“An optimist believes this might just be the best of all possible worlds. And the pessimist fears that just might be true.” – Joe Anonymous
By Alan Steel
Today’s financial headlines are peppered with new fears about higher inflation (wasn’t lower inflation a bad thing too?), how Brexit will raise household bills by £260 (crystal balls and round numbers always concern me) and my personal favourite; the EU financial watchdogs are apparently studying the performance of mutual funds…
Eh, aren’t they already supposed to be doing that?
It’s more soul-destroying than a compliance meeting out there. And the associated consensus of bad news confirmation bias continues to run amok, having accrued more followers than Facebook (at far less profit) and obliterating any long-term perspective.
Somehow what’s actually happened has gotten lost in what folks think should have happened.
And so it continues for coming up on nine years post-recession; red ink remains the new black, negative investor surveys are the norm, headlines gallop with lances towards every bubble of stock market growth, and opportunistic politicians throw nuclear-tinged tantrums far from the bargaining tables intrinsic to their craft.
Investors are treating stock markets like they’ve boarded the wrong train and now they’re running along the corridor trying to get off as it pulls away.
And the crescendo of warnings about world stock markets has only grown alongside this eight-year plus bull market and the strengthening global economy.
That’s an odd pairing.
Usually folks begin their path towards enthusiasm and euphoria at times like these. But those sentiments are harder to find right now than the logic driving their opposite emotions.
Always Look on the Bright Side of Life (and Markets)…
For me, I keep thinking about the philosophy of Louis Rukeyser – an American journalist and financial commentator, famous for his pun-filled humor and trying to get investors to ignore the short term gyrations and think long term.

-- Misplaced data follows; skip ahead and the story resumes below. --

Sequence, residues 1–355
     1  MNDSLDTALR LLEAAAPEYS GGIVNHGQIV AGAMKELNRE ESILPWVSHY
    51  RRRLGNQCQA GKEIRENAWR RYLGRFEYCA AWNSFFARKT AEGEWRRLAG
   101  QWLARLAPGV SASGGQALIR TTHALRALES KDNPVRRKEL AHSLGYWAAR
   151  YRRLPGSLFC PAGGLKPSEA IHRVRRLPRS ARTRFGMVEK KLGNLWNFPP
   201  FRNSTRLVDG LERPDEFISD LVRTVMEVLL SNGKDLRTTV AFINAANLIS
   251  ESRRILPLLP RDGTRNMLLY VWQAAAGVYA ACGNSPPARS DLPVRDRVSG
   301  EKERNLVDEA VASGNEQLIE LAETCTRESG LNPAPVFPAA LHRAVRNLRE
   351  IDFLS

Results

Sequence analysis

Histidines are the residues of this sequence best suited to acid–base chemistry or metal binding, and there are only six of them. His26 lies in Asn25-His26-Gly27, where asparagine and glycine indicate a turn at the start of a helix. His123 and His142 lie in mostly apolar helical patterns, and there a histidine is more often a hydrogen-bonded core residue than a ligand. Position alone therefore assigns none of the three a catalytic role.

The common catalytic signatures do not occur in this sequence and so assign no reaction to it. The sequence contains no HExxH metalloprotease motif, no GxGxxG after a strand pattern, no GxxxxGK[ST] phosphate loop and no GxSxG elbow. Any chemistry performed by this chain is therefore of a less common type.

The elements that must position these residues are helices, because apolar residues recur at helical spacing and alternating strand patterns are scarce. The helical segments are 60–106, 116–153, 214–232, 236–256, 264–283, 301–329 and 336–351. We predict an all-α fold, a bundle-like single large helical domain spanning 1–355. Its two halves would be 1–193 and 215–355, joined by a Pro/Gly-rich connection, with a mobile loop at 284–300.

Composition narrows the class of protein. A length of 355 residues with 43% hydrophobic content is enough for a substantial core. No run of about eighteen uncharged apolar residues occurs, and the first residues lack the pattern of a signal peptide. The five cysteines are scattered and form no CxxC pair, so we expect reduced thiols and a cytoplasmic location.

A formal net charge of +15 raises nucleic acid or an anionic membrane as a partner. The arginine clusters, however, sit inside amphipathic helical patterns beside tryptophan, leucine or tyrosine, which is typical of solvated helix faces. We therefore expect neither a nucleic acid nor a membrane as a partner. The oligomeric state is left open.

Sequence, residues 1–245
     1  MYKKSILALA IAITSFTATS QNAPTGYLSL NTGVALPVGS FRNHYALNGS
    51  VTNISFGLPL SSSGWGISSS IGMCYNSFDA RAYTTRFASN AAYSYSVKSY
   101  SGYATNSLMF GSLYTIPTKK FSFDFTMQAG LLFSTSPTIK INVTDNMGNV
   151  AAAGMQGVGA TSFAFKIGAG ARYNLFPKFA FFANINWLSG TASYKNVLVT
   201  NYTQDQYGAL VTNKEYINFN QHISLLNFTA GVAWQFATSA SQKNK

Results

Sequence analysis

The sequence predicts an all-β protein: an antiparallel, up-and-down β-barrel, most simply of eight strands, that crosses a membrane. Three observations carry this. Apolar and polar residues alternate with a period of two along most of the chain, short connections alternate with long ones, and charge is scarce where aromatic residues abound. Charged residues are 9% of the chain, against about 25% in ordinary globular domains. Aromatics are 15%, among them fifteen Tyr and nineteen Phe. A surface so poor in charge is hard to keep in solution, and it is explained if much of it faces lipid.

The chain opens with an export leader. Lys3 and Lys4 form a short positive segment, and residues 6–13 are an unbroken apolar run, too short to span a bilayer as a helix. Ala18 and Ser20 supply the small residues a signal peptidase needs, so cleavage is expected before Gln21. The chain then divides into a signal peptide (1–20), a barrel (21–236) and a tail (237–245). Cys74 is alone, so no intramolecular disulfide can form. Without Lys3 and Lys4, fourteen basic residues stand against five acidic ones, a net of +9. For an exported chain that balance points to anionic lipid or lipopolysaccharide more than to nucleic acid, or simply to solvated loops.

And I’ll wager that the worst thing anybody ever said about Louis was that he was too optimistic.
In investment speak, he was what’s called a perma-bull; always positive about the world economy. In fact, at one point he was called everyone’s favourite economic commentator. The New York Times crowned him one of the most accurate economic forecasters ever.
Even eminent economists were fans, including J K Galbraith and Milton Friedman – the Nobel Prize Winner and the inspiration behind Reaganomics.
But was he right?
What Goes Down Short-Term, Goes Up Long-Term
Well, it was about ten years ago that Ned Davis Research completed an analysis of the S&P 500 Index from 1926 to 2006.
Their analysis showed the stock market went up in 72% of all one-year periods, 87% of all five-year periods and 99% of all ten year periods.
For longer periods, the stock market rose 100% of the time!
And that’s what successful investment is all about; being right in the long run.
Know what else happened about ten years ago? Stock market prices fell, allegedly on the back of inflation worries. Apparently that was down to rising oil prices.
And what’s happened to the S&P 500 over this last decade (including the impact of the 2008/09 recession)?
History has repeated itself, again.
Folks, it pays to be an optimist.
So why not talk to one?